Клуб „Млад журналист” на училище „Слънчогледи”

Part 4
People who play violent games are old enough to know that what they are playing is just a game and that actions they perform in the game should not be mirrored in real life. To the parents who keep complaining that their kids play too many violent games I have two words of advice; power cord. It is up to parents to discipline their children and limit the content available to them and there are resources to help. The ESRB (Entertainment Software Rating Board) is a government agency that assigns a rating to every game according to its content. Games like Doom, Grand Theft Auto, and Call of Duty are all rated M for ages 17+. Games suitable for kids such as racing, sports, and adventure are rated E for everyone or T for teens 13 and older (“Entertainment Software Rating Board”). Stores also make sure that adult games don’t get into the hands of kids who aren’t supposed to play them. When I walk into a GameStop I am asked to show identification every time before purchasing a mature rated game (“GameStop: Sell an M-rated Game to a Minor, Enjoy Unemployment”), this is true for all stores that sell video games. This puts parents in total control over what their child plays, if parents don’t let their kids watch rated R movies, why do they buy games with the same content?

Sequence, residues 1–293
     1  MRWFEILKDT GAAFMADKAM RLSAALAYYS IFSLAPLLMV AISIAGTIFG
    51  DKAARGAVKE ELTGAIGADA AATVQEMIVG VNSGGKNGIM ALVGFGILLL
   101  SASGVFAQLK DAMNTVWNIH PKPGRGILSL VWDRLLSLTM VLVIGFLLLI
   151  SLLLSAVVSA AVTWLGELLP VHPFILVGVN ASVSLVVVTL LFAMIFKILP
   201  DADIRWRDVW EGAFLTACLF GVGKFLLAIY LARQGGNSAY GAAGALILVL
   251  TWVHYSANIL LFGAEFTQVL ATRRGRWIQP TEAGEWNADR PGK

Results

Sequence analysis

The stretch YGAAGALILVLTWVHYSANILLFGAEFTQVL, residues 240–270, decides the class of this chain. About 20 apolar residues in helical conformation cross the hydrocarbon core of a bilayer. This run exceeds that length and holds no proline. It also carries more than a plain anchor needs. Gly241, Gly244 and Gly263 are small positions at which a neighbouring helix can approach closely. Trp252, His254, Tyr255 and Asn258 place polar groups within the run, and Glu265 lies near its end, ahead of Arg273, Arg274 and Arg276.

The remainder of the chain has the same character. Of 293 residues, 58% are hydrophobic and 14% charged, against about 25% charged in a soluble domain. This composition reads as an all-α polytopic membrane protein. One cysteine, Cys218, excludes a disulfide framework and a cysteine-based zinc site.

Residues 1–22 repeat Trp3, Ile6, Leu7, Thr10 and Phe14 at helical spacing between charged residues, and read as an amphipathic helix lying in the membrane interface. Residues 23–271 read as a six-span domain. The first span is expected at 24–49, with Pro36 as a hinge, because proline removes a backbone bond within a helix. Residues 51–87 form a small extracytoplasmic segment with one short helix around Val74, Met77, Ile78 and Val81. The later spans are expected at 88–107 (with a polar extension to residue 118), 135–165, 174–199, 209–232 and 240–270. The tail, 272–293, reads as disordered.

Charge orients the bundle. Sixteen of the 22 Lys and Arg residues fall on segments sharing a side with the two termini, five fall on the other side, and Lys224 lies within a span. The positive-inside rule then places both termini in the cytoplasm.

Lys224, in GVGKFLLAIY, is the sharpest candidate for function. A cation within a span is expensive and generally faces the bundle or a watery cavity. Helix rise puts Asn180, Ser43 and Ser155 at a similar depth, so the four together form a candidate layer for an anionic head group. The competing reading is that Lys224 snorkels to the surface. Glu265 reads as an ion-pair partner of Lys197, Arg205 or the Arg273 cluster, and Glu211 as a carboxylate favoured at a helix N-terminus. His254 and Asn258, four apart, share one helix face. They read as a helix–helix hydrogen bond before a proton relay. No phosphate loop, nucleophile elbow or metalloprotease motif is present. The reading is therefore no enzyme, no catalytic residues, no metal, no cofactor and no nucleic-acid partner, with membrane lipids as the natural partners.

I have been playing games for a long time and I have never had the urge to pick up a weapon and shoot my classmates just like kids who play Pokemon will not go into the forest looking for a Pikachu. I am also majoring in Game Development because I see video games as a form of art and not as a “killing simulator.” Games take a lot more effort in developing than a film. They require both the interactivity of the developer and the player, and involve the user in interesting plots while testing their reflexes and coordination.
Experienced players of these games are 30 percent to 50 percent better than non-players at taking in everything that happens around them, according to the research, which appears today in the journal Nature. They identify objects in their peripheral vision perceiving numerous objects without having to count them, switch attention rapidly and track many items at once.
Evidently, playing games will sharpen skills people use in their everyday lives, and they will also help people vent the anger built up during the day. Who would have thought that so many positive outcomes could come from such a lazy activity? Sure, the effects from playing games won’t make me an amazing F1 pilot, or give me the skill to snipe a target from ten thousand feet. The people who do these things have trained all their lives, and this is exactly the point: video games cannot possibly train people to kill. This is both a physical and psychological task that one does not develop through playing something virtual.                                                           
To be continued
By Ivaylo